pelican pedestrian crossings designv are traffic signals for pedestrians that allow people to cross the road by pressing a button. They are a type of traffic light and so must obey the same rules as other vehicles on the road. Pedestrians need to wait until the green man shows, and they have a set amount of time to do so. They also need to press the button again after they have finished crossing, which gives them a chance to make sure they don’t get the signal wrong.
Pelicans are similar to zebra crossings but differ from them in that they are controlled by a traffic light. The ‘pelican’ name is actually a slight rebranding of the earlier x-way crossing (and no, they are not named after a politician called Mr Pelican).
Striking a Balance: The Art and Science of Zebra Crossing Design
Unlike at standard traffic lights where the green man is visible for pedestrians to see, pelican crossings do not display it. This can lead to confusion for people who want to cross, and it can cause delays as pedestrians sometimes press the button but don’t have enough time to do so before the green man disappears. This can also result in a ‘dead spot’ between the green man showing and the red one appearing, which can be stressful for pedestrians and confusing for drivers.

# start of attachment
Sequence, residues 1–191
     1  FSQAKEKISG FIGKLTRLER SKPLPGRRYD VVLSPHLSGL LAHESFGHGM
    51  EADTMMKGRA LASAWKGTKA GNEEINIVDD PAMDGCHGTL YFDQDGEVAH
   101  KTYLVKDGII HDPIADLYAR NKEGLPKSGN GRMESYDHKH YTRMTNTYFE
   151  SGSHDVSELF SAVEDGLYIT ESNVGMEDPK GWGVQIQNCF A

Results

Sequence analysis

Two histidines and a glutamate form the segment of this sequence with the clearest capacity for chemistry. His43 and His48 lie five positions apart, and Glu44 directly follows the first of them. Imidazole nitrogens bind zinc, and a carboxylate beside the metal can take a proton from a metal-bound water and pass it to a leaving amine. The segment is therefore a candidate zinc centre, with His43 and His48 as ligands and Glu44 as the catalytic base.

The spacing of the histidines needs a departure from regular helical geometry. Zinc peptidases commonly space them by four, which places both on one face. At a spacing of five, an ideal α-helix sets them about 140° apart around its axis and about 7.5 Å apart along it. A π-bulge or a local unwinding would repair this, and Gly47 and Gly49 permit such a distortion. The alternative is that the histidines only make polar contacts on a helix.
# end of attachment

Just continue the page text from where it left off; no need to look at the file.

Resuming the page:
A bleeper is an audible solution to this problem and most pelican crossings use it. It is a simple bleep and sweep signal, which is designed to alert visually impaired pedestrians to the start of the green man signal. Alternatively, some crossings are fitted with a tactile unit which is a small cone that rotates when the green man appears, and this can be an effective alternative to the bleeper for pedestrians who do not have good vision.